Much of India’s treasures have been looted and are either displayed in museums or in private collections around the world .On a visit to the British Museum one Hindu finds something very interesting….
In January of 2011 I went to the British Museum in London. For a lifelong student of history it was a dream come true. The Rosetta stone is there, the actual sculptures from the face of the Parthenon. There are mummies, sarcophagi, amulets, all the minutia of spiritual life. Nothing but a pane of glass between you and the relics of the distant past, their significance as objects of immediate and ongoing potency vanished scarcely mentioned on the placards identifying them.
They were the spoils of war and the loot of empire – whole temples moved round the world for the study of European intellectuals.
I made my way to the India collection, and there, very close to the floor, were some beautifully carved deities of Krishna, and Vishnu, and Hanuman. Here were the material culture of my own faith lying alongside the artifacts of the Indo-European tradition that was wiped out by the Roman state during the later years of the empire.
“…those black-garbed people … run to the temples, bringing with them wood, and stones, and iron … the roofs are uncovered, walls are pulled down, images are carried off, and altars are overturned: the priests all the while must be silent upon pain of death. When they have destroyed one temple they run to another, and a third, and trophies are erected upon trophies…”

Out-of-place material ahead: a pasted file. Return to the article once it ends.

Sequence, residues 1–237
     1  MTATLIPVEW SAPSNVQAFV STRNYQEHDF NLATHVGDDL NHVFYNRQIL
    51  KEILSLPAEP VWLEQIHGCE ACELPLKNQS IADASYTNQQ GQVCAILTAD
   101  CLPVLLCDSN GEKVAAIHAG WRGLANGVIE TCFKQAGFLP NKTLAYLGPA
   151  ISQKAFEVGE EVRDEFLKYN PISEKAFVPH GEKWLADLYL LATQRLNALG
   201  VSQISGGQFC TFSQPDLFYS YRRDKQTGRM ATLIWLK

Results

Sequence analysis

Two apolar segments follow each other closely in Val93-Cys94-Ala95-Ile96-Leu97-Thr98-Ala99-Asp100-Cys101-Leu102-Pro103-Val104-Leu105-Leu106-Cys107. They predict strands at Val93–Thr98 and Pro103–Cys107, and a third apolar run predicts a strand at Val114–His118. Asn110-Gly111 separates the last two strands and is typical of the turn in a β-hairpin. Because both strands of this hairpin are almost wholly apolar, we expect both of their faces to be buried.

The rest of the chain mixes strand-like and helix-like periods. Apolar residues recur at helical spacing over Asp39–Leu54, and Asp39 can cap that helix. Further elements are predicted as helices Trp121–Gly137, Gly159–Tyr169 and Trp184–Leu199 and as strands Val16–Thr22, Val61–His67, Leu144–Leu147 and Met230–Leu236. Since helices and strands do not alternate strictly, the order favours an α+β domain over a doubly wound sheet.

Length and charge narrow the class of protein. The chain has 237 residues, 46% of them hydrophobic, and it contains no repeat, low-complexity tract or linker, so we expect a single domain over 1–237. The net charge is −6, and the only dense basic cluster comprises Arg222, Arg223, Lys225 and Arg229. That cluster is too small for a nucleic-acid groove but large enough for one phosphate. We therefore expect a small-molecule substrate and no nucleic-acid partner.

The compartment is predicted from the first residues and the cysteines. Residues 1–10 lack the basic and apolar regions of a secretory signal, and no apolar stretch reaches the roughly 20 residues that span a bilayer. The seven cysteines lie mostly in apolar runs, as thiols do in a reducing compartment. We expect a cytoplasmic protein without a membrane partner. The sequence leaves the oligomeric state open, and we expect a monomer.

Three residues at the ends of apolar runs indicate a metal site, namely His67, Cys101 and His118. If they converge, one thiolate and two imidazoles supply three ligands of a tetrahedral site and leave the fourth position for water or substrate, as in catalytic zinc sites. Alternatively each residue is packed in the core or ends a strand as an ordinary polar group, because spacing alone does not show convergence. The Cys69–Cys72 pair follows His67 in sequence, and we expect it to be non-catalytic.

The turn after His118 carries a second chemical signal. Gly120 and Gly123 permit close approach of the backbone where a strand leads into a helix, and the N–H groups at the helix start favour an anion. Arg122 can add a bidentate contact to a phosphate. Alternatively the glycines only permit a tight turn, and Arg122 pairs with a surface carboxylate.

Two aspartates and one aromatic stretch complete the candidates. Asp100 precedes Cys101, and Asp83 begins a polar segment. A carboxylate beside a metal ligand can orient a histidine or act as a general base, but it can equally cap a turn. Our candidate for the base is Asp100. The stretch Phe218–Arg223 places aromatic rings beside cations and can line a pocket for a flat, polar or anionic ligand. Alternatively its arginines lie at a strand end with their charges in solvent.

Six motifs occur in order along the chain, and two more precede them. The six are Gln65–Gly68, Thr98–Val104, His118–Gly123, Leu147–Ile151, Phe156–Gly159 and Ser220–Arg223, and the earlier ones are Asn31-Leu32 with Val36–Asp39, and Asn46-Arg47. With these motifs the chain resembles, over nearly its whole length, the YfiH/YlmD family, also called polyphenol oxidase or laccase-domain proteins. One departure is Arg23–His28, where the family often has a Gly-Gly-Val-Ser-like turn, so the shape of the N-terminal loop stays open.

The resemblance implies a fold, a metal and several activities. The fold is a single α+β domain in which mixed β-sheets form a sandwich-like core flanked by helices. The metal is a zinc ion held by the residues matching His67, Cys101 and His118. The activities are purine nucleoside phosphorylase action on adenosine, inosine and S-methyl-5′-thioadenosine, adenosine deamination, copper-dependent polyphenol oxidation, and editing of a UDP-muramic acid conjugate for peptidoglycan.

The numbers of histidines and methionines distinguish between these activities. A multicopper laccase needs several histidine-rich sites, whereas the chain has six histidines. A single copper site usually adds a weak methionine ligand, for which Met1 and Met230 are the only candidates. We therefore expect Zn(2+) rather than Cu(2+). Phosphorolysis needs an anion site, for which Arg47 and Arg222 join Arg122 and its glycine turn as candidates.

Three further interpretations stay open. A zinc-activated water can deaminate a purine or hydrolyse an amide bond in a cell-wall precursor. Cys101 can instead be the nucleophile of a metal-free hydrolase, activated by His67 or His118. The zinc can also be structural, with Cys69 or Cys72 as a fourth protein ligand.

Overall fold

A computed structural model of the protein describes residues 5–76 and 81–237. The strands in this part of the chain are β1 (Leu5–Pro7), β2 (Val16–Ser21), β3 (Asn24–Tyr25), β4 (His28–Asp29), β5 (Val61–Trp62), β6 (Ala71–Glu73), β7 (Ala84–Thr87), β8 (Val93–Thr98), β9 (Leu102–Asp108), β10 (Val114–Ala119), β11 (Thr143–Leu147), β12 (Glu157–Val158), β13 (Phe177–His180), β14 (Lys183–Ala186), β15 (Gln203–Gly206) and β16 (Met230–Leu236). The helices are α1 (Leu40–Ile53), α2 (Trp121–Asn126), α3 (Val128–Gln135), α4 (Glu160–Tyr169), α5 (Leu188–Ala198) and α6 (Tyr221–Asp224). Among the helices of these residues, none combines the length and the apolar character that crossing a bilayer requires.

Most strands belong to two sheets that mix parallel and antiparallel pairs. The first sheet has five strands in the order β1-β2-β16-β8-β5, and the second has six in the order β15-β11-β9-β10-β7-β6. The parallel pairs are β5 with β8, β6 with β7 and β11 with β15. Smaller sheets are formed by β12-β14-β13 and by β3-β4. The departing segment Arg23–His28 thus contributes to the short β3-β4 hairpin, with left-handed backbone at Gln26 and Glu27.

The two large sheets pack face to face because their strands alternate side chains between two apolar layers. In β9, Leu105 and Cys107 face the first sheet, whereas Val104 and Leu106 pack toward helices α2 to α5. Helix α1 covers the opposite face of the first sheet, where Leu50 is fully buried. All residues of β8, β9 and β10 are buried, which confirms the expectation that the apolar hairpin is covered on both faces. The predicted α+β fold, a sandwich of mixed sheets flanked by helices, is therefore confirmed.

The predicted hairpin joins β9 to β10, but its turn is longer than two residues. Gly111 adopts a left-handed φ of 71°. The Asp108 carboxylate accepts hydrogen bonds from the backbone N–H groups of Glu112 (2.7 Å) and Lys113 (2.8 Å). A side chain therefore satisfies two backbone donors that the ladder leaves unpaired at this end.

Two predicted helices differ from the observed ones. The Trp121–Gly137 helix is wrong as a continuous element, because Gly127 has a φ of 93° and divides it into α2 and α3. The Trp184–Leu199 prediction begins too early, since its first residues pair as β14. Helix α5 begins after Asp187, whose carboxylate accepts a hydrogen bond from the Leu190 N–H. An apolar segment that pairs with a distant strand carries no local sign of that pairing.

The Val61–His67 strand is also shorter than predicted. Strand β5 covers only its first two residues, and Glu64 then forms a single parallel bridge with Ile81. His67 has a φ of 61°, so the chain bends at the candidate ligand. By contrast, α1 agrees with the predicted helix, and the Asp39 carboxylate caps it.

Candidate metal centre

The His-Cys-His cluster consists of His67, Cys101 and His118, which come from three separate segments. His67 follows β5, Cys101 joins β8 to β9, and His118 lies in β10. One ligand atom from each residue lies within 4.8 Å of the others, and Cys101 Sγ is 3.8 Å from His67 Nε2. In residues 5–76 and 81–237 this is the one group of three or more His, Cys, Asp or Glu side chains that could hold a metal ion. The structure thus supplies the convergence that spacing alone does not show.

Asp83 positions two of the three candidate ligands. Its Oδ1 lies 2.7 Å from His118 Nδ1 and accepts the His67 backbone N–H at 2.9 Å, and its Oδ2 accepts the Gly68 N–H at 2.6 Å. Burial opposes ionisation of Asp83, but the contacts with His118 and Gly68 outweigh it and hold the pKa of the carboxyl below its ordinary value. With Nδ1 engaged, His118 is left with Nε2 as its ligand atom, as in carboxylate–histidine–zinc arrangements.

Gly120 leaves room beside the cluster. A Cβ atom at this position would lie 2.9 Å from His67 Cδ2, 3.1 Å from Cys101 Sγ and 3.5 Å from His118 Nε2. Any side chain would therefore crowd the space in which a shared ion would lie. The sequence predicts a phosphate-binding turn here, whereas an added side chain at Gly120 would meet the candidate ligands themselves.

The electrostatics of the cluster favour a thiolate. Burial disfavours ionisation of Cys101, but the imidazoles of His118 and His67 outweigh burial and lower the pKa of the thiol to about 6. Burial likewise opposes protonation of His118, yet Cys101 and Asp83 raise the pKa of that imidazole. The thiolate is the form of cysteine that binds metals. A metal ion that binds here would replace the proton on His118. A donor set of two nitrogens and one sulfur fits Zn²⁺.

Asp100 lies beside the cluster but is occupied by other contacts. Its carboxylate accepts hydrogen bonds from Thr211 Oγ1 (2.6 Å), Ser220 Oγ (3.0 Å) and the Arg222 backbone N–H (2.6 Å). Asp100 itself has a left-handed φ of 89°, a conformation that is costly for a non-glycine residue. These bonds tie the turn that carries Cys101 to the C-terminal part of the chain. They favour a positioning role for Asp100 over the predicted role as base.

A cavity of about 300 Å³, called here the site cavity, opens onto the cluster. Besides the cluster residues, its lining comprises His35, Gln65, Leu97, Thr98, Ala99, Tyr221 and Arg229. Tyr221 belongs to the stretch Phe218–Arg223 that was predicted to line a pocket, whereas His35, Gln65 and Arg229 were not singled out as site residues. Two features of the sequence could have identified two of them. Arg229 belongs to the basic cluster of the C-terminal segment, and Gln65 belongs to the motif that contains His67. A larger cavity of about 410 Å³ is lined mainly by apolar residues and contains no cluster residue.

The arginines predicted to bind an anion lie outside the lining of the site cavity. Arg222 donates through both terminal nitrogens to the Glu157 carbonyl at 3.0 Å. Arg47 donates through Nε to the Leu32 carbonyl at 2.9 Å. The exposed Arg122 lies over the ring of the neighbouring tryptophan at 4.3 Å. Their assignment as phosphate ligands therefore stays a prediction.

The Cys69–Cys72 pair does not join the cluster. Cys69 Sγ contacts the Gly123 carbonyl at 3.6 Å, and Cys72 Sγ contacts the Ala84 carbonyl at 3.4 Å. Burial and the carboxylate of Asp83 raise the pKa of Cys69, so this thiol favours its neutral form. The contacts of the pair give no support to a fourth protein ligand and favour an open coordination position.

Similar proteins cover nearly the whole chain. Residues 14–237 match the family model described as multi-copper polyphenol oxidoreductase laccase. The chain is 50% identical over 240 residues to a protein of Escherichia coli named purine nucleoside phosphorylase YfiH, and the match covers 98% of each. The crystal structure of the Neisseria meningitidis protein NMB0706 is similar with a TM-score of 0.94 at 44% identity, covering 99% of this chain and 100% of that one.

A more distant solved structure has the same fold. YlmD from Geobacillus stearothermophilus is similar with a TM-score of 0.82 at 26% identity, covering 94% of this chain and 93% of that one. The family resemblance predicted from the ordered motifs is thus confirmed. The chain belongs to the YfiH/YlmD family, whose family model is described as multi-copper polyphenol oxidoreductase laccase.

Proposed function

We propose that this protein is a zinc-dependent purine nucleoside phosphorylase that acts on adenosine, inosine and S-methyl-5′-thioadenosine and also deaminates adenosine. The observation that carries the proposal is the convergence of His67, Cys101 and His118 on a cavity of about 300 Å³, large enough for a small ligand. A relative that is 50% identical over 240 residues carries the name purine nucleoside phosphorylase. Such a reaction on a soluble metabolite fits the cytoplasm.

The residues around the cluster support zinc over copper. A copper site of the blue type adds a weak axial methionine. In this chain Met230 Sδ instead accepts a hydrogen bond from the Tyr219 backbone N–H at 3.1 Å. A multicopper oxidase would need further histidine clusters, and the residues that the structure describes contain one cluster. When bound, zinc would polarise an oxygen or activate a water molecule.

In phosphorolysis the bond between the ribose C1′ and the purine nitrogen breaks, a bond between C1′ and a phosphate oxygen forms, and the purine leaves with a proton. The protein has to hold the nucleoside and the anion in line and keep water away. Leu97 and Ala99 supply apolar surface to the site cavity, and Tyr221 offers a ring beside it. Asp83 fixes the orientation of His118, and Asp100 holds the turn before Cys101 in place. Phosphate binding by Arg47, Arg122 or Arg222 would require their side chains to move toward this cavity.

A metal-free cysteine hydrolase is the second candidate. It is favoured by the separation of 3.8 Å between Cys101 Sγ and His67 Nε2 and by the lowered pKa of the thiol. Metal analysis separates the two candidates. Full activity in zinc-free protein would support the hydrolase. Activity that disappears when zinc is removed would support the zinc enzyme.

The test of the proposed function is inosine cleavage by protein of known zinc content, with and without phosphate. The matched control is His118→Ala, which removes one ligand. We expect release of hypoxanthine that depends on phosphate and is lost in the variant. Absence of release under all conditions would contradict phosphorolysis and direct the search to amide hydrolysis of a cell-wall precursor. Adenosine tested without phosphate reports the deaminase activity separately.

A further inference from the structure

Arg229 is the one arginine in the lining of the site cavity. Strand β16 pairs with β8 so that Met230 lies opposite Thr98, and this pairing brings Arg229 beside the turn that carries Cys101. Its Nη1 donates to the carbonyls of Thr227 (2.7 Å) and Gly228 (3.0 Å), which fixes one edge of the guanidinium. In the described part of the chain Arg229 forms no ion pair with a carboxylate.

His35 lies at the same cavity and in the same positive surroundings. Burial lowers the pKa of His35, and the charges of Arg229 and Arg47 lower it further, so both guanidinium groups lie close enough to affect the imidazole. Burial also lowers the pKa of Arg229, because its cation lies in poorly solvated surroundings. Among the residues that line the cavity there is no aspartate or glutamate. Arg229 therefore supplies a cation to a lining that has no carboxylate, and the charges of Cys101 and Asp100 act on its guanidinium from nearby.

– Libanius, Pro Templis, 4th Century CE
There was this Egyptian shrine, a Naos, and looking at it I recognized the shrines called Naw that occupy Hindu homes and country temples. Here there had been a kindred people, their artifacts snatched away as curiosities from vanquished cultures.
It was not the first time I had seen such things – even the revered monument of Stonehenge had been appropriated as a tourist attraction, it’s haunting place in the Wiltshire countryside marred with a highway and military training ranges. It has been proposed to pierce this navel of Albion with a tunnel only a stone’s throw away – for what value could the history of Pagans reveal.
I was once in the cathedral of Notre Dame in Paris, which was the previous site of a temple to Jupiter. It was beautiful, a prayer in stone, and still boasting an altar – seemingly needless in a religion without a need for any further sacrifice, but wholly in keeping with the Indo-European tradition. There are still altars here and there in Europe’s museum and countryside, derelict, dishonored in antiquity, ruined at best, obliterated at worst.
My own ancestors were Europeans, pagans, and the umbilical cord of classical civilization reached back to a placental India. Rather than re-invent classical European paganism without complete knowledge of the ancients’ mysteries and philosophy, I have sought refuge with my spiritual cousins in the Dharmic traditions. Within them I see the mother of Europe. In their temples and sacred groves I see my own roots, but when others see them no doubt they think – that temple should be in a museum.